The number of newbuild leasehold houses being sold has slumped dramatically from 13.3% of all new homes sales to just 4.2%, government data for 2018 has revealed.
The reduction follows the government’s announcement that it is to ban the sale of leasehold houses and reform the terms of other leasehold types to be fairer, including the banning of doubling ground rents and excessive legal charges to alter leasehold agreement terms.
Last year 3,342 new houses and 41,686 existing leasehold houses were sold within England and Wales.
A recent consultation on the issue carried out by the government received 6,000 replies which, it said, showed the ‘strength of feeling’. Sales of newbuild leasehold houses rose from 7% in 1995 to a peak of 15% in 2016 as many house builders realised they represented a lucrative income stream.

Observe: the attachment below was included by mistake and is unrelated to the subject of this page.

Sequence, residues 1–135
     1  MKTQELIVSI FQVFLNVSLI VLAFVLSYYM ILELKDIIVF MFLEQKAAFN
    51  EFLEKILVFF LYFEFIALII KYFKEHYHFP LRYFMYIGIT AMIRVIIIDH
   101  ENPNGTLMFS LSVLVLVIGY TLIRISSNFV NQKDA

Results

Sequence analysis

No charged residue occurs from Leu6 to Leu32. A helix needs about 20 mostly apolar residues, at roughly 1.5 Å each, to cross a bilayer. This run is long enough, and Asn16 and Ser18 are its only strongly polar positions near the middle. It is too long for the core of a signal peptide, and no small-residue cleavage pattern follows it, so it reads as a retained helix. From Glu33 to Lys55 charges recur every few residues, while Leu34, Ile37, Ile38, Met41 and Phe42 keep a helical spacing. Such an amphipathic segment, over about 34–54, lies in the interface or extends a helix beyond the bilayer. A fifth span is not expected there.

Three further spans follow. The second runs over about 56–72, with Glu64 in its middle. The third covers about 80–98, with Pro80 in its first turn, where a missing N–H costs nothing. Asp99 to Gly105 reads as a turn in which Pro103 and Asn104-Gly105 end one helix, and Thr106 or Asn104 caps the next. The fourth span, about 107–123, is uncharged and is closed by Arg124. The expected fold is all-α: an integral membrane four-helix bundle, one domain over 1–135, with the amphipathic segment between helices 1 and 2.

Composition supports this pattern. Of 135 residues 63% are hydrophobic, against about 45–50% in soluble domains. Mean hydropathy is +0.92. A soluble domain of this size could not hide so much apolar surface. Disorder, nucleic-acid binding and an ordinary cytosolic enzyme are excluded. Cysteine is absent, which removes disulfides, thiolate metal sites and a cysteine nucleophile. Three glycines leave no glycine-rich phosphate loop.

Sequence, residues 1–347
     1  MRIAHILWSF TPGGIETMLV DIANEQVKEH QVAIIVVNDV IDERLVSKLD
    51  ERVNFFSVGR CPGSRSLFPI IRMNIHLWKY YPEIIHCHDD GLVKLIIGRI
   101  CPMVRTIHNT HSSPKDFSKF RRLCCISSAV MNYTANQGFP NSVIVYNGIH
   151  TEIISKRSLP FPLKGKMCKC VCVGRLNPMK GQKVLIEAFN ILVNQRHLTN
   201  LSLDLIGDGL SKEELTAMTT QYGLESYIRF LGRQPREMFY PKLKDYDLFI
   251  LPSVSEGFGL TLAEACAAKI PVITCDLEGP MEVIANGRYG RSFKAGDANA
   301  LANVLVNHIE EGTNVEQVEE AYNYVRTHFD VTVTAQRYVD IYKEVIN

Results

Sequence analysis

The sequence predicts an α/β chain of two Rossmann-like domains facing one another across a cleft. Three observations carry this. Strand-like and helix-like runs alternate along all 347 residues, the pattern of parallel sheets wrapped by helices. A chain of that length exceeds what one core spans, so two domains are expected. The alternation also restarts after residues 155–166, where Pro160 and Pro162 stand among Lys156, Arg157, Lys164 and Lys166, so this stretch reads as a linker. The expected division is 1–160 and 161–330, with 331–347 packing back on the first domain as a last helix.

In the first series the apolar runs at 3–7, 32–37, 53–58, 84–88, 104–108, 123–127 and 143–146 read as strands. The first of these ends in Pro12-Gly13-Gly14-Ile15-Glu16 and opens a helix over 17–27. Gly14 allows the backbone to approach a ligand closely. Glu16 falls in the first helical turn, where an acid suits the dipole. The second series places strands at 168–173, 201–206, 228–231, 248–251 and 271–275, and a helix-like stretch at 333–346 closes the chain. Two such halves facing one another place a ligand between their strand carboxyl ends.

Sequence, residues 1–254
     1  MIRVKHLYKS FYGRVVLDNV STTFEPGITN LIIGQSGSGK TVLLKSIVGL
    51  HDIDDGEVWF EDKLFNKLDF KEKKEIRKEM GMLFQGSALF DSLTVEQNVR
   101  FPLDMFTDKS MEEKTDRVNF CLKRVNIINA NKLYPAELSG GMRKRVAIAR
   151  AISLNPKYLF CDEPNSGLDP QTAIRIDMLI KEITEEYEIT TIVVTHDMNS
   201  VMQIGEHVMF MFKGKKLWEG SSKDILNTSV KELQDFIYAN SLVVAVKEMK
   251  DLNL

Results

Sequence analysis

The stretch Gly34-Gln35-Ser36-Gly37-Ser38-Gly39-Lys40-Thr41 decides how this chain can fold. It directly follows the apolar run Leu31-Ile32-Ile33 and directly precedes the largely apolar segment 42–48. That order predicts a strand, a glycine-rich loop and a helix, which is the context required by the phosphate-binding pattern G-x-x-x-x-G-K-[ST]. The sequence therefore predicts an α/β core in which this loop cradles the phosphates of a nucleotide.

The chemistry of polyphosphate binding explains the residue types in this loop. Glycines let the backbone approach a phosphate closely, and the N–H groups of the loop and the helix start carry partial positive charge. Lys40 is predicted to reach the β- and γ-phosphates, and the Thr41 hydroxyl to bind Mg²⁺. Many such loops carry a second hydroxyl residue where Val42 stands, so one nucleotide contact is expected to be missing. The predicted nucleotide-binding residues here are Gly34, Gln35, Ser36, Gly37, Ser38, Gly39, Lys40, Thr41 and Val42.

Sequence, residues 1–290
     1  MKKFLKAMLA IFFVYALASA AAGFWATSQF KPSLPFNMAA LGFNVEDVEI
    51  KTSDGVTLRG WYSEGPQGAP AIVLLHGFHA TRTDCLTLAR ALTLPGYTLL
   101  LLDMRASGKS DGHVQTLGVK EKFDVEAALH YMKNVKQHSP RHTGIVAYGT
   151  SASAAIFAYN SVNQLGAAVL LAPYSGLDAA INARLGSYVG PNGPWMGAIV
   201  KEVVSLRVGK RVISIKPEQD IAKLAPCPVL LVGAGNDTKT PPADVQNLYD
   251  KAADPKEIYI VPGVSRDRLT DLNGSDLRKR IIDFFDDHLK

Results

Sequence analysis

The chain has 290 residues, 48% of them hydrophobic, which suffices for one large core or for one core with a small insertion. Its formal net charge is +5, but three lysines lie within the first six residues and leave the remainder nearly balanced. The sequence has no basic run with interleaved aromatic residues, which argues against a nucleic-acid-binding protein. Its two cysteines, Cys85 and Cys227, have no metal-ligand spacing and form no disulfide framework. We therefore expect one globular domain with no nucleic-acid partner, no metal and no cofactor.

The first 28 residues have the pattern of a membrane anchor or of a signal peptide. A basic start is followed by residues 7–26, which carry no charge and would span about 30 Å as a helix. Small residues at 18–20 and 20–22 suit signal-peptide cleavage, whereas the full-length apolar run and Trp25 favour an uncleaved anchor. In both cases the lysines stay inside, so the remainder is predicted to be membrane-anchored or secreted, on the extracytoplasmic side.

Figures published by the Office of National Statistics show that the most severe reduction in newbuild leasehold house sales was in the North West where they more than halved from 58.5% to 21.8% of all new homes.
Since the 1960s many new homes in Manchester, Liverpool and parts of Wales have increasingly been sold as leasehold and this tradition has been exploited by many builders.
But it is common in other areas of England and Wales too. London has the second highest level of leasehold houses; last year 15.9% of all newbuilds were sold this way in the capital
But elsewhere it’s relatively rare. In the North East only 1% of newbuild are leasehold.